Development of new treatments for children requires an assessment of both the beneficial effects and the safety of the therapy. Critical to such an analysis are comparative data about what constitutes normal values for a wide range of physiological variables. Such comparative data must be age appropriate and, frequently, disease specific. Many laboratory norms are based on easily accessible data for healthy adults. For pediatric studies, efforts must be made to ensure that laboratories processing clinical samples have age-appropriate norms. The collection of data for the development of such norms is often difficult because routine laboratory studies (e.g., chemistry profiles) are rarely performed for healthy children. The lack of normative data becomes an even greater issue for children with rare conditions. For example, to assess the potential toxicity of new drugs for premature infants or children with AIDS, it is essential to have baseline “normal-for-the-population” laboratory parameters, such as white blood cell counts and liver function test results. These children may already have abnormal white blood cell counts, which makes it more difficult to monitor the effects of drugs that may have bone marrow suppression as a toxic side effect.
An advantage of disease-specific clinical trials cooperatives or networks is their greater ability to collect age- and disease-specific normative data across multiple trials. Baseline data collected before administration of a study drug(s) are most useful for this purpose. Investigators should be encouraged to publish these data, and journals should also be encouraged to accept such publications.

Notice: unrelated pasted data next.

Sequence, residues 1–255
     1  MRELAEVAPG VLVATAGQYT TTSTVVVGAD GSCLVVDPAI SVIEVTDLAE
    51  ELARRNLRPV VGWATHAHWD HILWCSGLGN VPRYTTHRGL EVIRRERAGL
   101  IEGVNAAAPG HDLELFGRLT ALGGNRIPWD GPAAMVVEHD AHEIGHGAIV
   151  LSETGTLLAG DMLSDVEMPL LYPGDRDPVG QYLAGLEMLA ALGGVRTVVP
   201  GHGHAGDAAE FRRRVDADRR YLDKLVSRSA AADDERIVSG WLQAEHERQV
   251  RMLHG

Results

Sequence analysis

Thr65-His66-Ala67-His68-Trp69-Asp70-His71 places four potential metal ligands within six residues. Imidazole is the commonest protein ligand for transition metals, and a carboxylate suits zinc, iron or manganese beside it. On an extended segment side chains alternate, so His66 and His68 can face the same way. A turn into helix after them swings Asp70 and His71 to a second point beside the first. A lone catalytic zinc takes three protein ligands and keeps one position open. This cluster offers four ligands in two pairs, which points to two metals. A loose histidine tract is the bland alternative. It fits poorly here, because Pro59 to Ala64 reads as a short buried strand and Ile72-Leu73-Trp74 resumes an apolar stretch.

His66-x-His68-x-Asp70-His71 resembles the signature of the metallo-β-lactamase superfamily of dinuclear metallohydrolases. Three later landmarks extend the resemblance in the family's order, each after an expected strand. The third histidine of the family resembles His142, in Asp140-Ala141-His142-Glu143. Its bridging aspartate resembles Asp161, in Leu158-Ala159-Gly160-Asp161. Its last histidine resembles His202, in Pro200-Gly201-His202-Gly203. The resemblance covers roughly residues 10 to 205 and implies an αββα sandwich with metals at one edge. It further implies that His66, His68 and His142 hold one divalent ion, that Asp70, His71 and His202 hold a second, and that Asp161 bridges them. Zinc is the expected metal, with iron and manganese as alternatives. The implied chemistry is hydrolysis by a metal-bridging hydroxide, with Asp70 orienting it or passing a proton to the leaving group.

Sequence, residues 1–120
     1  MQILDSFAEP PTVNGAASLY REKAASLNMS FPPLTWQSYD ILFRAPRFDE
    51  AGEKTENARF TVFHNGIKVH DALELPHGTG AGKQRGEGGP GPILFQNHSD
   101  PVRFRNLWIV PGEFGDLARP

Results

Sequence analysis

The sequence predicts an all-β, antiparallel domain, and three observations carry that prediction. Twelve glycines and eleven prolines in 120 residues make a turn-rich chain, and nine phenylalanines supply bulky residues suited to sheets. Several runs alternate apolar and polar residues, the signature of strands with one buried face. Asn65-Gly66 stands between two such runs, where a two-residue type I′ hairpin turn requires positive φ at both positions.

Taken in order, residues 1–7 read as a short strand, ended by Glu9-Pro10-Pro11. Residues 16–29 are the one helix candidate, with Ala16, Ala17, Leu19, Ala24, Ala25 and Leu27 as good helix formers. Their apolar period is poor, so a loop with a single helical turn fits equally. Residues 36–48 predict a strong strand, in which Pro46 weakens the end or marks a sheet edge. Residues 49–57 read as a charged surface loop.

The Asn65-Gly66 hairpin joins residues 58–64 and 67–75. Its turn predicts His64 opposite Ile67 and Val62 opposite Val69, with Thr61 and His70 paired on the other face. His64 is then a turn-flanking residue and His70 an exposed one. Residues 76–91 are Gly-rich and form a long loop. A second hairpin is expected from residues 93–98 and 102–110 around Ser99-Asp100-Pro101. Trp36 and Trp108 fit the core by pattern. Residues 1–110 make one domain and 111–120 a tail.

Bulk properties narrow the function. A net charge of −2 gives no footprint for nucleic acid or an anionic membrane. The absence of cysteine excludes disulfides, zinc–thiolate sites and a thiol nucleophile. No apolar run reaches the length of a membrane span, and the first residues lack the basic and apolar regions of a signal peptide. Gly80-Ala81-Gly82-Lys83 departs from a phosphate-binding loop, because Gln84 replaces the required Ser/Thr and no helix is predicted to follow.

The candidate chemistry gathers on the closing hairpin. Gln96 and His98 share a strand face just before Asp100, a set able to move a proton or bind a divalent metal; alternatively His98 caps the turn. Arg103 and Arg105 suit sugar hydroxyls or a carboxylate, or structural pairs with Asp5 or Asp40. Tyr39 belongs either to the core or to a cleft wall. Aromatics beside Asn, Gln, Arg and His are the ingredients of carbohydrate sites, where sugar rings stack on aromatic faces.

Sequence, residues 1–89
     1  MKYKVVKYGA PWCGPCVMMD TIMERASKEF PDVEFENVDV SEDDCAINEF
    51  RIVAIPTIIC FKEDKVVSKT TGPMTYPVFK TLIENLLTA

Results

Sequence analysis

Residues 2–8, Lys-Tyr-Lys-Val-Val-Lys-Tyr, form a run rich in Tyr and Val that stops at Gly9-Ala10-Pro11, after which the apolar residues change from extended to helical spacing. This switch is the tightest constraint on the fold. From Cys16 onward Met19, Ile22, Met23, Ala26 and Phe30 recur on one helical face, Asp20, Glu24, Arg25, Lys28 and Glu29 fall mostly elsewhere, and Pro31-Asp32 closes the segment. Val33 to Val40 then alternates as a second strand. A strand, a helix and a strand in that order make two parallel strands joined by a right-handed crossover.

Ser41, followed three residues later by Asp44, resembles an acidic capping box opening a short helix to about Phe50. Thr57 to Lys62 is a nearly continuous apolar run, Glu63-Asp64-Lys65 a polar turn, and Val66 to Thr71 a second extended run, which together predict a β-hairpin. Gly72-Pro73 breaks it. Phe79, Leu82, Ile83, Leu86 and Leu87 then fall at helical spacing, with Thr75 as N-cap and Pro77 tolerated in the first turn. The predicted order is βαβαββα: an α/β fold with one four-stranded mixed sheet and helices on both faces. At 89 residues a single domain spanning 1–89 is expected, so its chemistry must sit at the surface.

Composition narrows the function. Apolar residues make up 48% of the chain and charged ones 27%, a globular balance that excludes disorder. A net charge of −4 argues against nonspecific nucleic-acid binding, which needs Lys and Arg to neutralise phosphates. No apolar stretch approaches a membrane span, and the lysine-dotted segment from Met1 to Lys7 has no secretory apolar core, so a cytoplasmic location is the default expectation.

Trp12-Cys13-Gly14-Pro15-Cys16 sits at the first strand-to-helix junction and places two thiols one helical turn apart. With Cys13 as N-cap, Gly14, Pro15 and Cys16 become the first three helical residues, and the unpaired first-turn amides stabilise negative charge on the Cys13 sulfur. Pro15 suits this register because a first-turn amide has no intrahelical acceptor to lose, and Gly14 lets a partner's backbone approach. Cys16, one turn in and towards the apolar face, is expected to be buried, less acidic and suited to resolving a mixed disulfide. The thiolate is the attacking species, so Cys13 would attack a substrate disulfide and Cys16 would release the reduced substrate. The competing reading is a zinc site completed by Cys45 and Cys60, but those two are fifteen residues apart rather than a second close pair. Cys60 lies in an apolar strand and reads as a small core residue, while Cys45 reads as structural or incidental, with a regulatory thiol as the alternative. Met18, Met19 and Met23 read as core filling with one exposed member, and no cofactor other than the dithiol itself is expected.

When they evaluate a pediatric protocol for potential harms and benefits and for appropriate efforts to minimize risks to child participants, IRBs should consider the qualifications and expertise of investigators and others to conduct the research, taking into account the procedures and age groups described in the protocol. They should likewise assess the appropriateness of the facilities and settings for the proposed research.
Particularly in studies involving infants and young children, the administration of interventions and measurements may lead to complications not encountered with adults. Some complications are physiological. For example, it is more difficult to draw blood from the small veins of infants or toddlers than from those of older children and adults. Furthermore, the smaller volume of blood in children sets limits on how much blood can safely be drawn. Fortunately, newer analytical methods permit accurate assays using much smaller volumes of blood than was possible in the past.